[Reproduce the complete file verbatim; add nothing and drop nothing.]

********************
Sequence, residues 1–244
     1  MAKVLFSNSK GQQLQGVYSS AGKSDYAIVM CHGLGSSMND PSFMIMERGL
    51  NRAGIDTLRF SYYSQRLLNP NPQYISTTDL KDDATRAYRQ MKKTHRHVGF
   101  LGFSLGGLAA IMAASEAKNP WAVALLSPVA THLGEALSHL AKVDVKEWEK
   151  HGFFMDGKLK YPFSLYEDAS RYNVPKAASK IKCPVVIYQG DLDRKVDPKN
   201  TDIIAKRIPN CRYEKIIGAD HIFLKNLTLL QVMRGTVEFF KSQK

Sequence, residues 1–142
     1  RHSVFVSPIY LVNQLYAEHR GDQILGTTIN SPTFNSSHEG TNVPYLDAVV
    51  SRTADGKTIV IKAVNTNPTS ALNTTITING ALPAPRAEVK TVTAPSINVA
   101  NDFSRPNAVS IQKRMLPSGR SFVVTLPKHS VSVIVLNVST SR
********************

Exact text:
Sequence, residues 1–244
     1  MAKVLFSNSK GQQLQGVYSS AGKSDYAIVM CHGLGSSMND PSFMIMERGL
    51  NRAGIDTLRF SYYSQRLLNP NPQYISTTDL KDDATRAYRQ MKKTHRHVGF
   101  LGFSLGGLAA IMAASEAKNP WAVALLSPVA THLGEALSHL AKVDVKEWEK
   151  HGFFMDGKLK YPFSLYEDAS RYNVPKAASK IKCPVVIYQG DLDRKVDPKN
   201  TDIIAKRIPN CRYEKIIGAD HIFLKNLTLL QVMRGTVEFF KSQK

Sequence, residues 1–142
     1  RHSVFVSPIY LVNQLYAEHR GDQILGTTIN SPTFNSSHEG TNVPYLDAVV
    51  SRTADGKTIV IKAVNTNPTS ALNTTITING ALPAPRAEVK TVTAPSINVA
   101  NDFSRPNAVS IQKRMLPSGR SFVVTLPKHS VSVIVLNVST SR